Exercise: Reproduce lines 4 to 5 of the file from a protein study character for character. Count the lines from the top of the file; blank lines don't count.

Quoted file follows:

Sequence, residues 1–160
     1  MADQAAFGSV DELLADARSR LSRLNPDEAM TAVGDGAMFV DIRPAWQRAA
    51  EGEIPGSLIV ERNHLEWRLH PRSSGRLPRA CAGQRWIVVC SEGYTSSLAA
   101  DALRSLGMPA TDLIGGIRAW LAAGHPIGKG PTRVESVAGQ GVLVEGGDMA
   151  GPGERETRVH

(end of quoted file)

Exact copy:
   101  DALRSLGMPA TDLIGGIRAW LAAGHPIGKG PTRVESVAGQ GVLVEGGDMA
   151  GPGERETRVH